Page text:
“We don’t write songs in a day, or even a week,” says Bear In Heaven bassist/guitarist Adam Wills. “Most of them take months.”
Well that explains a couple things, starting with the simple fact that Bear In Heaven’s breakthrough moments—Grizzly Bear’s blog-baiting endorsement of “Lovesick Teenagers,” the “Best New Music” stamp Pitchfork plastered across the Brooklyn band’s second album, Beast Rest Forth Mouth—didn’t happen overnight. Believe it or not, frontman Jon Philpot founded Bear In Heaven way back in 2003, using the sweeping soundscapes of his previous project (Presocratics) as a starting point for the Tunes Nextdoor to Songs EP.
Four years and several lineup changes later, Bear In Heaven the band (rounded out by Wills, drummer Joe Stickney and multi-instrumentalist Sadek Bazaraa) emerged with their first fully-realized release, Red Bloom of the Boom. A celebration of wide open spaces and not-quite-sounding-like-anyone-in-particular, it’s the closest Bear In Heaven have come to cutting a prog rock album, although Philpot insists, “We’re bigger fans of Krautrock. We’re suckers for that continual pulse and things that just hum. You should be able to feel music, not just hear it.”
That’s certainly the case on Beast Rest Forth Mouth cuts like “You Do You” and “Wholehearted Mess”—songs that reach for the stars with Cluster-like synth lines, Faustian effects, and steely motorik beats. And then there are the sneaky moments that emphasize what a widescreen affair Beast is, including the massive, life-affirming choruses of “Beast In Peace”; the queasy build and thundercloud climax of “Dust Cloud”; and the frayed electronics and death march drums of “Deafening Love.” That fan favorite went through 23 mix changes before settling into its final Apocalypse Now-groove.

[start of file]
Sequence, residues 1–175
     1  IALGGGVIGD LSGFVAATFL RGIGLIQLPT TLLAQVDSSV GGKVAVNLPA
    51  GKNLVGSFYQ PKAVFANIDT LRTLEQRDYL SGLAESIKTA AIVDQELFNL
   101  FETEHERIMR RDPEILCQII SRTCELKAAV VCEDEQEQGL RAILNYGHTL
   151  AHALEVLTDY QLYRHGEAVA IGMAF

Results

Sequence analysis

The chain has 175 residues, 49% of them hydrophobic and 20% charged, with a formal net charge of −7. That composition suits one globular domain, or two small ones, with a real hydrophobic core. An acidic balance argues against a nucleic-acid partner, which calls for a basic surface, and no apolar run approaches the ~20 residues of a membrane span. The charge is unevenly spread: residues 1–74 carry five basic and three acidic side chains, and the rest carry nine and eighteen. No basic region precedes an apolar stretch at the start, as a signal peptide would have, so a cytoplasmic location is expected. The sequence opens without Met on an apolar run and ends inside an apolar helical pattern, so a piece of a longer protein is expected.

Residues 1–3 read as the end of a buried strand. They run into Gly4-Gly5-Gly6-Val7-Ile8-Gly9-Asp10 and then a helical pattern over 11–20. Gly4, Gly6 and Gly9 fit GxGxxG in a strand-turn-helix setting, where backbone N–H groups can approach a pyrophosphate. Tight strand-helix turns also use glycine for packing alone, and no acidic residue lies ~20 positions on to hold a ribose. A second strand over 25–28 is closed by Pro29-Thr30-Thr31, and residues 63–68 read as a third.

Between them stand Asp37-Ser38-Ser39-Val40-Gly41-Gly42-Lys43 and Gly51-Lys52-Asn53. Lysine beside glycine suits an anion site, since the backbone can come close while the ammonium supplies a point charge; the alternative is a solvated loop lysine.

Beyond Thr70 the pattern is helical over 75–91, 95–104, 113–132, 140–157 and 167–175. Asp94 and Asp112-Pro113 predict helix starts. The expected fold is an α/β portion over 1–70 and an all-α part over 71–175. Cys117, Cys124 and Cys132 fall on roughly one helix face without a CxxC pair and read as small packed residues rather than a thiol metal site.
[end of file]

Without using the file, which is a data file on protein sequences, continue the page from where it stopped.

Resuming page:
“We know when a song is done,” explains Philpot, “but that doesn’t stop us from tweaking it over time. We’re actually still messing with our current ones!”
The group’s restlessness is understandable when you consider their background, from Philpot and Wills’ film/TV work—something that’s taught them to tell stories through songs—to such side projects and one-off performances as the scale-climbing metal of Dark Vibe and the pure minimalism of Rhys Chatham’s Guitar Trio. As Wills puts it, “We’ve all been really lucky. To have spent time discussing music on a peer level with the likes of Tony Conrad and Rhys Chatham, it’s been an education.”
One bit of bad luck that’s followed Bear In Heaven since the start has been the amicable loss of members, right down to Bazaraa’s recent split. While the band’s left the door open for him, they’ve soldiered on as a synth-driven trio, including a triumphant string of shows overseas.
“As the lineup changes, we have to find new ways to keep the sound full,” explains Stickney. “Our solution has been more synths and samplers. We haven’t been kicking people out or anything, though. It’s been a drag every time one of our friends has decided to stop playing because we miss them and it’s a pain in the ass to learn how to play the music differently all over again.”
“Trust me, there are lots of panic attacks,” adds Wills. “We aren’t 21—we have lives, wives, apartments to pay for…It’s crazy at this point to drop everything and just run with the band, but there’s no other option. We are living this, and we’re gonna see it through.”